Protect domestic jobs with robust technology-push policies. Generous demand-pull policies can attract international competitors who make it harder for the domestic industry to flourish. For example, based on historical trade data, every second PV module installed in Germany was produced abroad. Robust technology-push policies—rather than ineffective trade tariffs4—help domestic firms become more competitive both at home and abroad, which stops jobs moving overseas. We find that more public spending on R&D and a slightly meaner feed-in tariff would have led to fewer imports and more exports of PV modules and reverted Germany’s trade balance on PV modules.

Only robust technology-push and demand-pull policies can bring technological change. Besides the historical and push-up scenarios, we studied 45 other policy mixes with different emphases on push and pull policies. We found that there are important tipping points in the economy, and that if policies stop short of these points, they won’t induce much technological change. But robust technology-push and demand-pull measures together push the economy closer to tipping points where minor changes to policies like public spending on R&D or the feed-in tariff can lead to major advances in technology innovation, deployment, and job creation.

Policy Recommendations

When deciding on technology policy, look beyond innovation and deployment. A low-carbon future depends on new technologies, but it still can’t happen without new industries and jobs. Focusing too narrowly on innovation and technology deployment can lead to technology-push/demand-pull combinations that inadvertently compromise job creation and international competitiveness.

Invest generously in technology-push policies and demand-pull policies in parallel. In the past, policymakers have pointed to generous demand-pull policies to justify cutting funds for technology-push. Our research shows that this is a losing proposition. Both policies are essential. Pull policies stimulate demand, while push policies help firms become more competitive and create more and better jobs. A robust technology-push policy can be sustained through generous public spending on R&D over time, while a demand-pull policy—such as a feed-in tariff—requires careful design and monitoring to keep it effective and cost-efficient.5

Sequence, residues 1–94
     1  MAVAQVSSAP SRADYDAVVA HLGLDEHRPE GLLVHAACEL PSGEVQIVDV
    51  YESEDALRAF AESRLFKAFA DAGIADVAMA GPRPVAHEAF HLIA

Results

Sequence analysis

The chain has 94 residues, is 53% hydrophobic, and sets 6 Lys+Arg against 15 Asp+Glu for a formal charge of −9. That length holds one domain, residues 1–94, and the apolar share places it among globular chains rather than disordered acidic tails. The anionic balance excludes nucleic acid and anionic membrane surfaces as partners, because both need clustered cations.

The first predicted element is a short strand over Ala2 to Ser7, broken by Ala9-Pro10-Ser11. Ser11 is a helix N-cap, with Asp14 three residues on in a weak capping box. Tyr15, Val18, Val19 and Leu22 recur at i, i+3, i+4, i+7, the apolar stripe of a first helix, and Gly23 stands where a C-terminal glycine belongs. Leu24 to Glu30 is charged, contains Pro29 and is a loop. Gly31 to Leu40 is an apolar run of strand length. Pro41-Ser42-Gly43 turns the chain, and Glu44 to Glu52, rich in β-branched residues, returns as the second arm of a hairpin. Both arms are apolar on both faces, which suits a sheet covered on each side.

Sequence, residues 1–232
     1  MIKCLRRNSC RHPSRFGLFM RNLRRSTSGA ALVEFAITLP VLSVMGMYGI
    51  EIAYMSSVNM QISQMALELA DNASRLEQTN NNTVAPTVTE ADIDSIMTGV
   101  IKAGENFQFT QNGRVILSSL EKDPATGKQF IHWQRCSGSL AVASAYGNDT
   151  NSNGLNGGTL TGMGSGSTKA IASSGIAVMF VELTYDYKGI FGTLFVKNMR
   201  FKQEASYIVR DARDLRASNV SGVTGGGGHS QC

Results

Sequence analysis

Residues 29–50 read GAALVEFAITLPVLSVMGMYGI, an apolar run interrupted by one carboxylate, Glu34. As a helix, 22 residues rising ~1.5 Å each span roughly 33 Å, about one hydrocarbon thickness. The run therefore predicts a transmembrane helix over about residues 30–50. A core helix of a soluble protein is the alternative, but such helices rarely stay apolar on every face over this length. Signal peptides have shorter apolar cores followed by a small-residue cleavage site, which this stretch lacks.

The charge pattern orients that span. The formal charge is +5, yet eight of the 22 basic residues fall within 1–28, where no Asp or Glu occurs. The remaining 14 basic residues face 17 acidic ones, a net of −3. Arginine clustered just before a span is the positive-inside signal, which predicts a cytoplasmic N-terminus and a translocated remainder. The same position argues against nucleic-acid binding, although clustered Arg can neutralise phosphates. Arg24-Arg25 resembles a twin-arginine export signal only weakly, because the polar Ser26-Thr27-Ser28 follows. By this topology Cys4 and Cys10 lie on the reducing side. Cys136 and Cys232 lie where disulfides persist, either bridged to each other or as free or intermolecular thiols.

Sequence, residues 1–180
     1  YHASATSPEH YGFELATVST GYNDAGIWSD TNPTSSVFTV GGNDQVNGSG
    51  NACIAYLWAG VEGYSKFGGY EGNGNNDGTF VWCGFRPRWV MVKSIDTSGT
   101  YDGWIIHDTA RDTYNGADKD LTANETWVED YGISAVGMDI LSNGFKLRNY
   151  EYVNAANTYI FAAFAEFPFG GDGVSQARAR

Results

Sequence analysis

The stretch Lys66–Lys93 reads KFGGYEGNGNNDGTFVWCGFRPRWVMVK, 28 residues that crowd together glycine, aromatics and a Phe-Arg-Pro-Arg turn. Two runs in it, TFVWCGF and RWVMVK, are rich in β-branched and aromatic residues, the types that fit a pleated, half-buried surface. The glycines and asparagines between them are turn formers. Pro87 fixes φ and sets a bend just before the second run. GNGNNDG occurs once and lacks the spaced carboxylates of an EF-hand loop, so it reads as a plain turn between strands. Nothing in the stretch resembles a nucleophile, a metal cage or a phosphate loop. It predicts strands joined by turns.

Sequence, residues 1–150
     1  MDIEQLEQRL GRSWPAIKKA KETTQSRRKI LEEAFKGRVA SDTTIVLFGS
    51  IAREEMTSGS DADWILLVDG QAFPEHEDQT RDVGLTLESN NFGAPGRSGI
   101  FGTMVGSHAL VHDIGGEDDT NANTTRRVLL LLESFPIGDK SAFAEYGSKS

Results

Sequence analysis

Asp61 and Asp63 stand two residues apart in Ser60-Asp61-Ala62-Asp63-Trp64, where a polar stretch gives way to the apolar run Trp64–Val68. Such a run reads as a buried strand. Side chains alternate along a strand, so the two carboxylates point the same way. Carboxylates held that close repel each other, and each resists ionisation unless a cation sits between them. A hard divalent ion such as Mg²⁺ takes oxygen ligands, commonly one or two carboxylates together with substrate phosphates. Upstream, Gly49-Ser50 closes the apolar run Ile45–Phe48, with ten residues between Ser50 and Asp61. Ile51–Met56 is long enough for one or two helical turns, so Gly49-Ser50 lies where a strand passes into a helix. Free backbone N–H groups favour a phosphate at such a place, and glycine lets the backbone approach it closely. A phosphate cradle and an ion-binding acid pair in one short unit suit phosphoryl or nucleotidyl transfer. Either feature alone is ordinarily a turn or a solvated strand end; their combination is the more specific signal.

Complex problems need complex tools. Tipping points in the economy can lead to vastly different outcomes from even minor tweaks to policy. As a result, cost-benefit analyses based on linear extrapolations can grossly underestimate policy impacts. Instead, use simulation models that capture the complex interactions in the economy to support better evidence-based policymaking.

[1] See Alejandro Nuñez-Jimenez, Christof Knoeri, Joern Hoppmann and Volker H. Hoffmann (2022) “Beyond innovation and deployment: Modeling the impact of technology-push and demand-pull policies in Germany’s solar policy mix,” Research Policy, 51(10), p.104145.
[2] Ibid.
[3] See Joern Hoppmann (2022) “Hand in hand to Nowhereland? How the resource dependence of research institutes influences their co-evolution with industry.Research Policy, 50(2), p.104145. 
[4] See A. Sharma, K. Surana, and M. George (2022) “Do clean energy trade duties generate employment benefits?Renewable and Sustainable Energy Reviews, 159, p.112104.
[5] See Alejandro Nuñez-Jimenez, Christof Knoeri, Joern Hoppmann, and Volker H. Hoffmann (2020) “Can designs inspired by control theory keep deployment policies effective and cost-efficient as technology prices fall?Environmental Research Letters, 15(4), p.044002.
For more information on this publication: Belfer Communications Office
For Academic Citation: Nuñez-Jimenez, Alejandro, Christof Knoeri, Joern Hoppmann and Volker H. Hoffmann. “Combining Technology-Push and Demand-Pull Policies to Create More and Better Energy Jobs.” Policy Brief, Belfer Center for Science and International Affairs, Harvard Kennedy School, September 15, 2022.

The Authors